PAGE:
In Their Corner
In Their Corner

In Their Corner

Perseverance. That is what Adam and Meghan Parker have relied on throughout their foster care and adoption journey. The idea of fostering had been floating around the family’s minds for a while, but it just never landed. Then, after Meghan and Adam welcomed a biological daughter named Merryn, the idea of fostering reappeared. This time, it stuck.

Adam and Meghan became approved foster parents with their local department of social services in January 2018. It didn’t take long for their home to be filled. The Parkers welcomed 17-year-old Elijah into their home. Meghan already knew Elijah from her years spent teaching in a local alternative school. Elijah had been in foster care for years. He came to them emotionally battered and bruised from his years in the system. He struggled with trust, boundaries, and the idea of family in general. But they fought hard for him and eventually, he found peace in their home.

Around the time Meghan and Adam were trying to settle into their lives with a teenager and toddler, they were contacted about an adoptive placement for James. So, with hope in hand, they welcomed James into their home. James was 3 years old at the time and needed constant care due to severe asthma and autism. He struggles to control his anger, which translates to prolonged violent tantrums. Parenting James was and is a struggle for the Parkers.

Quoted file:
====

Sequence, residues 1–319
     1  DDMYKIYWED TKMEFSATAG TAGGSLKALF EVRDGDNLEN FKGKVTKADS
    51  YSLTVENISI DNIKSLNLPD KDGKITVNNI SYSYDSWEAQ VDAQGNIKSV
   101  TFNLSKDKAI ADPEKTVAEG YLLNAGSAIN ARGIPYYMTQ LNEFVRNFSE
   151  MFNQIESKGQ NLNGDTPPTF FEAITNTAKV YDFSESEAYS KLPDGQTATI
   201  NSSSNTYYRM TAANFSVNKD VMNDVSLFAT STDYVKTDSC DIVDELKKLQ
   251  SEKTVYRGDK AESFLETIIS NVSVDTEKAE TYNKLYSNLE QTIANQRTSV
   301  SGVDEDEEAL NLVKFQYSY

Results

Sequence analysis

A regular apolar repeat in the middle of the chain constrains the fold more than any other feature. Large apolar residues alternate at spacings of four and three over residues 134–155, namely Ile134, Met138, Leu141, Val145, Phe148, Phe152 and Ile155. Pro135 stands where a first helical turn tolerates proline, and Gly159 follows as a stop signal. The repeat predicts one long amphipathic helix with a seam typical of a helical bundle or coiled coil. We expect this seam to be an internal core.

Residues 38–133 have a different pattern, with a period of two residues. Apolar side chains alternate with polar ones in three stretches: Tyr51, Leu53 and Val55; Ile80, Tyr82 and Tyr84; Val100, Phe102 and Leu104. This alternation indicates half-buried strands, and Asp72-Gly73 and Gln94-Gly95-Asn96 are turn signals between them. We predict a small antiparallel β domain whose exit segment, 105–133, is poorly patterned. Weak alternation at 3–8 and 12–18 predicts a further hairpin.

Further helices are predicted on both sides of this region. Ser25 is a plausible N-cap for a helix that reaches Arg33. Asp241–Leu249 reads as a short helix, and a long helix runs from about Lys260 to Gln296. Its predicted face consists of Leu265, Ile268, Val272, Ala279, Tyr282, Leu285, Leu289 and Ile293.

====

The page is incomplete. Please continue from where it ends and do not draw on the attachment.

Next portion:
“During those dark times, I always remind myself if James was my biological child, I wouldn’t give up on him. So, we don’t give up,” said Meghan.

During their journey to bring Elijah and James home, Meghan and Adam knew they needed additional support and turned to counseling and support groups through DePaul’s Community-Based Services program.

“We learned that you can’t outlove trauma. It takes time and counseling,” said Meghan.

Post-adoption support services and family counseling have kept the Parkers on track. Without those services, they say they would be lost. Meghan and Adam learned about reactive attachment disorder, a condition in which children don’t form secure, healthy emotional bonds with parental figures. They learned that the work of healing does not stop when the adoption papers are signed.

“During the foster care and adoption process, you need support. You need education. You need someone in your corner that knows your heart and believes in you,” said Adam.

Today, the Parker family still faces challenges. But now, they have the confidence and support to keep going, to keep pushing, to keep persevering.